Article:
Home | Profile - Edit | Your Page | Your Inbox Browse | Search Games   |   Log In

Shade

by Andrew Plotkin profile

Travel
2000

Return to the game's main page

Reviews and Ratings

5 star:
(85)
4 star:
(113)
3 star:
(50)
2 star:
(9)
1 star:
(10)
Average Rating:
Number of Ratings: 267
Write a review


Previous | << 1 2 3 4 5 6 7 8 9 10 >> | Next | Show All


- trojo (Huntsville, Alabama, USA), October 10, 2011

- o0pyromancer0o, September 30, 2011

2 of 7 people found the following review helpful:
No second chances, September 22, 2011
by Deboriole (San Diego, CA)
I enjoyed this game to a point. That point came when I became completely stuck and had to look at a walkthrough. Turns out I missed one opportunity and therefore could never solve the game. There was no indication that I was hopelessly stuck, so I rambled about for an hour until finally throwing in the towel. That did not make me very happy! There could be a simple solution to this...

(Spoiler - click to show)I really wish the helicopter would have come around again... I failed to look out the window in the two turns I had, and was not able to finish the game as a result.

- dacharya64, September 3, 2011

- r6144, August 6, 2011

6 of 7 people found the following review helpful:
The "Jacob's Ladder" of Interactive Fiction, August 3, 2011
by John Daily (New York)
There is a reason why, eleven years after its release, people are still playing (and discussing) Shade: It's a benchmark game. Beautiful in its elegance and completely immersive, its seemingly simplistic gameplay belies a sophisticated core.

The player begins in his (or her) apartment, several hours before embarking on a Burning Man-styled trip to the desert. The game starts off walking the player through mundane tasks, which serves two purposes: First, it eases the player into the game's vernacular; second, it puts him on comfortable footing, which is an important detail, as it makes the slow descent into its surreal Hell even more stark by contrast.

Designer/Writer Andrew Plotkin ensured that Shade can be enjoyed by players of all levels. A creatively implemented help system, woven into the story, walks the main character through tasks that need completion without being intrusive. For those who don't need such hand-holding, opting out is as simple a matter as not looking. For all its newbie-friendliness however, Shade features writing that works on several levels; statements that might initially elicit a chuckle become downright sinister as the game progresses.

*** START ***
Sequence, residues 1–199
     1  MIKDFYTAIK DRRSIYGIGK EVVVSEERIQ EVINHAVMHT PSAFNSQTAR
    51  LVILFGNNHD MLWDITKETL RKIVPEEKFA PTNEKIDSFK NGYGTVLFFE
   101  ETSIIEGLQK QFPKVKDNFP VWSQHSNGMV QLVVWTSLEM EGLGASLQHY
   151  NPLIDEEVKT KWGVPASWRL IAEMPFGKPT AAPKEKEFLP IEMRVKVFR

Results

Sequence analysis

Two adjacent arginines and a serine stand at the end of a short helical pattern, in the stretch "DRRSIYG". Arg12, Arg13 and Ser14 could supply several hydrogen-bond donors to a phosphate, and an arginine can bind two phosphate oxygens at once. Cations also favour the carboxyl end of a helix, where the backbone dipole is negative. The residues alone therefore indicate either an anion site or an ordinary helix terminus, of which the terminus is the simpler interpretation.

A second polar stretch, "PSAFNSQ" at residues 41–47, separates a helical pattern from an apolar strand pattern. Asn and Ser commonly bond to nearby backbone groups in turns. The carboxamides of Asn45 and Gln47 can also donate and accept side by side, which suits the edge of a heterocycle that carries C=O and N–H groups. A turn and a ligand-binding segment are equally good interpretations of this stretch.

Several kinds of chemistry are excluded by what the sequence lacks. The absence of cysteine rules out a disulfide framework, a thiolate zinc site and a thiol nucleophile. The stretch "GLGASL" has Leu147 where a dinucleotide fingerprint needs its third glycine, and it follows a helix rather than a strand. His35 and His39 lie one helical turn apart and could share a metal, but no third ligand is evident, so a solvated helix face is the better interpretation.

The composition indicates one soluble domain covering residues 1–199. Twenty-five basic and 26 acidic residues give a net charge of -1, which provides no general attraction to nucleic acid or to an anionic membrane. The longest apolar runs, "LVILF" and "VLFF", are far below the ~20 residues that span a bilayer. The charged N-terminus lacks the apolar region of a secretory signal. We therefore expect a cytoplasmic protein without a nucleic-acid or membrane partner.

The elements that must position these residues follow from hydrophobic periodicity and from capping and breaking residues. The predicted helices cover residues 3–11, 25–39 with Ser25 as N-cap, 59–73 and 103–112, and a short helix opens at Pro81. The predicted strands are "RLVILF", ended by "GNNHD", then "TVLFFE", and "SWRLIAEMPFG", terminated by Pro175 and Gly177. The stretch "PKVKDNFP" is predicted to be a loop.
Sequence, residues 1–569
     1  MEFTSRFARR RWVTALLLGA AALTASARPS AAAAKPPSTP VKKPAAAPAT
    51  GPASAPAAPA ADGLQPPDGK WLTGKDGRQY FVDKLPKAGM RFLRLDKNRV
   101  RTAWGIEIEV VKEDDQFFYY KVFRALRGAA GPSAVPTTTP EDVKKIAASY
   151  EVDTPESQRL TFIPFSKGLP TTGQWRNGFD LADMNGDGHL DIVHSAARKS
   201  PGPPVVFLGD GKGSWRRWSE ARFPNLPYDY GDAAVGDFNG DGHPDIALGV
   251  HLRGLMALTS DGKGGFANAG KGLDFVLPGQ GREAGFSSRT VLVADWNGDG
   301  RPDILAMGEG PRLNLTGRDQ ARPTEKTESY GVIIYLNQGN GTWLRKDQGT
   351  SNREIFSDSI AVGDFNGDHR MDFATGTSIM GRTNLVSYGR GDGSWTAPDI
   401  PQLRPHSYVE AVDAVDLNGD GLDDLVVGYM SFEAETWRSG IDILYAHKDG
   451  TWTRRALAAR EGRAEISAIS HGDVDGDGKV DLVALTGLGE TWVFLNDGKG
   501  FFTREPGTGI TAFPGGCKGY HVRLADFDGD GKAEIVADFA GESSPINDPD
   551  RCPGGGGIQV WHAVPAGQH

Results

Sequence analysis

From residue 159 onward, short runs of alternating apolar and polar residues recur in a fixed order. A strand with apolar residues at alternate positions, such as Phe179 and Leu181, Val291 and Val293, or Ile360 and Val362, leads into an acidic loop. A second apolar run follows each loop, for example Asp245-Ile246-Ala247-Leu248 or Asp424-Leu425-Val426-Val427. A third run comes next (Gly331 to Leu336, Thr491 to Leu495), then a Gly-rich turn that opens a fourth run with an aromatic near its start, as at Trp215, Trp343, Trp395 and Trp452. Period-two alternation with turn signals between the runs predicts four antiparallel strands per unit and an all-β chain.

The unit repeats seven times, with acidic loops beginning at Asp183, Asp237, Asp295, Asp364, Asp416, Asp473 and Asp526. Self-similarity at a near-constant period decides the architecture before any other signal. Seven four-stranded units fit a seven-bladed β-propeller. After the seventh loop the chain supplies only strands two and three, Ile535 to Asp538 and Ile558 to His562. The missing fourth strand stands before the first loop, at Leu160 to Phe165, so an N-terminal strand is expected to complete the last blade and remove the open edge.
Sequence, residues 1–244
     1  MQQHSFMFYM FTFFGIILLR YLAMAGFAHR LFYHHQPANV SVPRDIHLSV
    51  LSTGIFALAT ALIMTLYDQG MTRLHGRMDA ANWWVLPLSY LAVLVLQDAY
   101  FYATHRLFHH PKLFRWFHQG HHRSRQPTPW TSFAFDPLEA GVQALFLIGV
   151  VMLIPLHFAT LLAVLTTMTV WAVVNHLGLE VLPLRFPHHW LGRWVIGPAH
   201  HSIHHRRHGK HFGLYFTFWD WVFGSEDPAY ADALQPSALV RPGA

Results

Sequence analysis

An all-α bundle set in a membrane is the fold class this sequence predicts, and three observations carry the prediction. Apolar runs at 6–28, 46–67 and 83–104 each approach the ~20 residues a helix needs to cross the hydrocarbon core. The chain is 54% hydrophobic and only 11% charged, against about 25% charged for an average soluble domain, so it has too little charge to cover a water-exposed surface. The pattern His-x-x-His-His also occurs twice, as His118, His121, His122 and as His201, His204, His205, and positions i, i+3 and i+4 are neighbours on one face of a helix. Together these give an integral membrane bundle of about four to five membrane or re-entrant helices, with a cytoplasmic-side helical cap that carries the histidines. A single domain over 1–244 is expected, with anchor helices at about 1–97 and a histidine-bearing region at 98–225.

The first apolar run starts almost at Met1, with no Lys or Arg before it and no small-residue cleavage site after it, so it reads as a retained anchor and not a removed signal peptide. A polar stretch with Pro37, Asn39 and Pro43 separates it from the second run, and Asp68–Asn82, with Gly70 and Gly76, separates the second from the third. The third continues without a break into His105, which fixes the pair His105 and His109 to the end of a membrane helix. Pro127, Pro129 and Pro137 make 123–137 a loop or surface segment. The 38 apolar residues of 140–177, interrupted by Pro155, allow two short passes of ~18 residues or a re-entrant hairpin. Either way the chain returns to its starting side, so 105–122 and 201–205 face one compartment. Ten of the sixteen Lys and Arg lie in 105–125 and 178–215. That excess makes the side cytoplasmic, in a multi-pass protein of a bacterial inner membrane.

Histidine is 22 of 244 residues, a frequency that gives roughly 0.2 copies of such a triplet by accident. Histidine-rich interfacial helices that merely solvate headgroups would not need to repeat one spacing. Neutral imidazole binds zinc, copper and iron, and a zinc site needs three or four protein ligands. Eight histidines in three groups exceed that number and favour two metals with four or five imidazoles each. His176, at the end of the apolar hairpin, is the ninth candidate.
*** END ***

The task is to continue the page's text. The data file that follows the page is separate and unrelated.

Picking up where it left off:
I hesitate to call Shade a game, because the writing and pacing is so dead on (if you'll pardon the expression); although you will be ahead of things during the game's middle section, it's a necessary evil dictated by the plot, and it's safe to say this will not be the case as you progress toward the finale. Be forewarned however: if surrealism and ambiguity aren't your thing, then you may want to bypass this one. Shade is the Jacob's Ladder of the medium: not very scary while you're experiencing it, but it gets under your skin and stays there long after the word "END" appears on-screen.

- Digibomber, July 29, 2011

- LaFey (Porto, Portugal), July 15, 2011

- calindreams (Birmingham, England), July 14, 2011

3 of 4 people found the following review helpful:
Surrealist IF at its best, July 6, 2011
by katz (Altadena, California)
Surrealist interactive fiction is largely an untapped resource, and this well-written and well-crafted little game shows what the genre is capable of. It's atmospheric, creepy, and suffused with a sense of inexorability that builds as the player finds him- or herself moving things along towards a foreboding conclusion.